I'm not saying it was chickens... but it was chickens.
They eat weeds and table scraps. They give us eggs. They give us good compost. They are funny as all heck. They force me to go outside regularly. But the best part is they are really good for my family's mental health, just hanging out with them, which is especially needed this year.
- People Share Their Best Pandemic Purchases - George Takei ›
- People Share Which Impulse Purchases Ended Up Changing Their Lives - George Takei ›
- People Share The Most Life-Changing Purchases They've Made That Were Worth Every Penny - George Takei ›
- People Share The Most Important Lessons They've Learned From The Pandemic - George Takei ›
Being street smart and book smart are two different forms of intelligence.
One acquires wisdom through life experiences while the other gains knowledge through reading books, articles, and from higher learning.
But sometimes there are certain situations where neither applies to a person–even though others may initially perceive them to be intelligent.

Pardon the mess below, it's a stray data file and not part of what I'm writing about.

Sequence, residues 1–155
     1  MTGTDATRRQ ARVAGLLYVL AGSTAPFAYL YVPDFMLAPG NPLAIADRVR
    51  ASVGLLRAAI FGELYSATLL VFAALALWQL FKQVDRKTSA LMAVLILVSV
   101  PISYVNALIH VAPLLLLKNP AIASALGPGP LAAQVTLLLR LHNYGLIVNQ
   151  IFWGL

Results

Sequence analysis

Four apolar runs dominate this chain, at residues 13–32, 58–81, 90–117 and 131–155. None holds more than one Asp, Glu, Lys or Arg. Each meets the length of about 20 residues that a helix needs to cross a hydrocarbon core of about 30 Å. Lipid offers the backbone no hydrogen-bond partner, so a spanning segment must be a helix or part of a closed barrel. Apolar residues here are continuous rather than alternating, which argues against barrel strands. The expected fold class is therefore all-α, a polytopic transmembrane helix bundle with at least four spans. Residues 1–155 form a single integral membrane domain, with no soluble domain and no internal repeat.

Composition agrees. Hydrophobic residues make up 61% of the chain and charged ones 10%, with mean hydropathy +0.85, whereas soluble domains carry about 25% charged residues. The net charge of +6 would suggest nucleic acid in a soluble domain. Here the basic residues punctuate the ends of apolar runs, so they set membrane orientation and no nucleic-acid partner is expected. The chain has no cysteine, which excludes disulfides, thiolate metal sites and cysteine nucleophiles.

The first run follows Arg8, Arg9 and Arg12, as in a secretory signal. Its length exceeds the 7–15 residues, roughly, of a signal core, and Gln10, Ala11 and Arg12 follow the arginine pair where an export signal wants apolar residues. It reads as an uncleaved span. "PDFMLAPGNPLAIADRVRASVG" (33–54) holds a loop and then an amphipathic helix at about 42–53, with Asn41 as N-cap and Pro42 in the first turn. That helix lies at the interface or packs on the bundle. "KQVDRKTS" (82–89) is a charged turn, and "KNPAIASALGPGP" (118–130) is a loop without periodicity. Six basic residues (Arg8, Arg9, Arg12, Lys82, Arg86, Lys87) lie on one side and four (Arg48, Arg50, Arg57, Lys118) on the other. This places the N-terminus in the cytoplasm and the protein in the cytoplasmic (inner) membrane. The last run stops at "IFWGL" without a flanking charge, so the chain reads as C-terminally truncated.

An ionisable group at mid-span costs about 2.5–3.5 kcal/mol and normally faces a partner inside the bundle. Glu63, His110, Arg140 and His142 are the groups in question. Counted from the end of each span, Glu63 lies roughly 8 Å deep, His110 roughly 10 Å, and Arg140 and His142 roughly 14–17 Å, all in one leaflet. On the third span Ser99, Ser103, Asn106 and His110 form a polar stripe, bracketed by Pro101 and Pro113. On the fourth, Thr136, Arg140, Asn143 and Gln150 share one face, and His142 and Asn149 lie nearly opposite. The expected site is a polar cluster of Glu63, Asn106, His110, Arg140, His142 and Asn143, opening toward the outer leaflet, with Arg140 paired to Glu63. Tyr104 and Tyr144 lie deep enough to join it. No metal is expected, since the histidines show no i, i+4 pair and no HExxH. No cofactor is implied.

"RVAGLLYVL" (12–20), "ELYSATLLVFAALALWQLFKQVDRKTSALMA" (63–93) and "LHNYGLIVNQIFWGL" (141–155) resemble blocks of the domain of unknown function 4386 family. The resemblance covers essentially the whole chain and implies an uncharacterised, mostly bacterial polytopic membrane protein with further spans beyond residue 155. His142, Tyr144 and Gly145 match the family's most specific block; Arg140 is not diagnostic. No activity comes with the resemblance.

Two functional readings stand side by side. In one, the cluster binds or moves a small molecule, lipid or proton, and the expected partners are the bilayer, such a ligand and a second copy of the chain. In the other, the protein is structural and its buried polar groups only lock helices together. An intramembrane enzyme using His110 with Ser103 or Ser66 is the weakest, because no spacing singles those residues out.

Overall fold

Curious to explore this further, Redditor Indianfattie asked:
'What is incorrectly perceived as a sign of intelligence?"
Status and credentials aren't necessarily strong indicators of intelligence.
"Edit: Thank you for the gold and silver! I am so rich. Therefore I am smart! S-M-R-T smart!"
Money And Brains
"People seem to think if you are rich with a good job you must be smart. Generally speaking I've only met one rich person I would consider smart. The rest? Ooooooof. I seriously wonder how some of them passed gradeschool."
"I was surprised when I learned that knowledge isn't necessarily correlated to intelligence. I met a lifelong academic who knew damn near everything about her topic .... but just the facts. It's like, she was a walking encyclopedia, could cough up any info about her field, but she couldn't really process it that well, or draw conclusions, or apply it to a different topic. It's hard to explain. She had a nice 2TB SSD drive full of info in her head but she had a substandard CPU. Since then I've met several people like that. All academics, but I'm not sure that has anything to do with it."